I believe that food is a powerful influence throughout our lives. We all have pleasant and indelible memories associated with food. Let’s vow to make some lifelong food memories with our kids so that the issue of food won’t be complicated for them.

What are we telling kids about our food values with our words and actions?



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2 comments so far...

  • Our daughter will be 16 months old this week but our kitchen is the largest space in the house, and it’s the space we spend a majoirty of time in. Here are some of things we do with respect to food:

    1. We only eat out once in a great while and we usually do so at Dolce Vita in Boston’s North End. The owner is always on hand with huge smiles and greetings. It’s a very nice place for a romantic dinner or a family outing. The food is as fresh as can be prepared exquisitely. The menu is traditional southern Italian cuisine. There’s always a Sicilian crooner on hand and our little one is in love with an 82 year old named Antonio (the crooner). It’s a brilliant environment for children to experiment and at 10 months old, she was scarfing down potobellos in demi glace and stuffed whole squid calamari.

    2. I cook almost every night. As I cook, I explain the techniques and why I use a particular tool in the kitchen; why I chop the garlic this time as opposed to mince it; why I use a glass or a metal bowl. The science of cooking is amazing and a great learning opportunity! I tell her what spices I use and why - how a little lemon can brighten food flavors without anyone knowing it’s been hit with a little lemon, etcetera. Whether or not she understands even half doesn’t matter. She will someday.

    3. We always eat dinner as a family. Always. And even though I have a slooooow metabolism that could do with just a bit of cereal at night, I will eat everything that I cook (in smaller amounts) and always drink milk with my meal. I believe that the example set is so important.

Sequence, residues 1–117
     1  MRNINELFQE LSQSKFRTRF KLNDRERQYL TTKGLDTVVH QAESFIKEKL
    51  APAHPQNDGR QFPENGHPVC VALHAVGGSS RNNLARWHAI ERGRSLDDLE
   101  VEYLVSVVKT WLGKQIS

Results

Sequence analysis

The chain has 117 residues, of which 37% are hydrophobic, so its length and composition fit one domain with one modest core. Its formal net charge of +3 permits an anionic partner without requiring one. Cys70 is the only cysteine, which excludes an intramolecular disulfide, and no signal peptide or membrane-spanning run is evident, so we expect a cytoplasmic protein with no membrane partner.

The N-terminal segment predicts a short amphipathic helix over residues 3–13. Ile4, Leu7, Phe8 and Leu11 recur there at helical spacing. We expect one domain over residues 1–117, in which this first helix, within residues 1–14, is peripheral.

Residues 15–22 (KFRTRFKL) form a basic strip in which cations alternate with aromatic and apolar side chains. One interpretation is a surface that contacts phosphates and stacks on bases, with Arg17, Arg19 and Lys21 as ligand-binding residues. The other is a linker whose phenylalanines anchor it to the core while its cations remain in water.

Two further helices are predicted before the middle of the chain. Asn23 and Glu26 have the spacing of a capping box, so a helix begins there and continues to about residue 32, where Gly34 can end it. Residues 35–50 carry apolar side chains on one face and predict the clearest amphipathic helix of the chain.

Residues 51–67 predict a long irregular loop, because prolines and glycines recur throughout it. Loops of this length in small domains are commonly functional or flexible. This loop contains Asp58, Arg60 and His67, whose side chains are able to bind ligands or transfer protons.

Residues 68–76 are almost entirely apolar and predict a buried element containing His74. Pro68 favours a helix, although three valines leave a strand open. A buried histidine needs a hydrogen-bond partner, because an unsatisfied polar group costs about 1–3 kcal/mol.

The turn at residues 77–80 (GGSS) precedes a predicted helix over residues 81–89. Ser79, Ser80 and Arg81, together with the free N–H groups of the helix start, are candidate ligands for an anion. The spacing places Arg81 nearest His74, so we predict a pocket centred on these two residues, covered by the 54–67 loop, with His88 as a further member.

4. We avoid dinners that involve anything in nugget form (she’s never had a nugget food). I prepare fresh foods and buy locally as often as I can afford. So far, her favorite foods on the face of the earth are mango, lobster (I know places to get it dirt cheap) and scallops.

    5. As she’s grown, I let her do more. She can put away something non-breakable when I’m done with it or I help her stir a pot while I’m holding her. She loves it - and loves to watch things bubble and simmer.

    6. Finally, for months and months, she’s been asking for spices to smell. Sometimes, we let her carry a favored spice jar around and she’ll open it and take a deep whiff, then close it and wander off - only to do it again in a little bit. I’ll tell her what we use those spices for and I always show her new ones. I also make my own Herbs de Provence which she has, apparently, started taking pinches of and eating wholesale.

    Food is hugely important. We eat a lot of mediterranean, middle eastern, Indian and Italian foods (even though we are not of those ethnicities), but my Greek friend put it best - “When I saw Amelie chowing down on the spanakopita [that our friend made herself], I couldn’t help but think of my yiayia {grandmother] and how happy they must have been to see us eating these wonderful, traditional foods when we were little.” Food touches us in our souls. And even though our daughter isn’t Greek, she acted the perfect Greek child and devoured the phyllo first that night! : )

    Phe  |  August 10th, 2009 at 2:57 pm

  • Okay, maybe you have a suggestion for this. My son used to eat anything I gave him and as he goes, his palette gets smaller and smaller. When I present him new foods he screams and throws it on the floor. I have resorted to mashing and hiding vegetables in his spaghetti - one of the only foods he will eat. He used to eat different foods at school, at least, but now won’t do that either. He’s two. Any way to fix this?

    Oceans Mom  |  August 12th, 2009 at 5:45 pm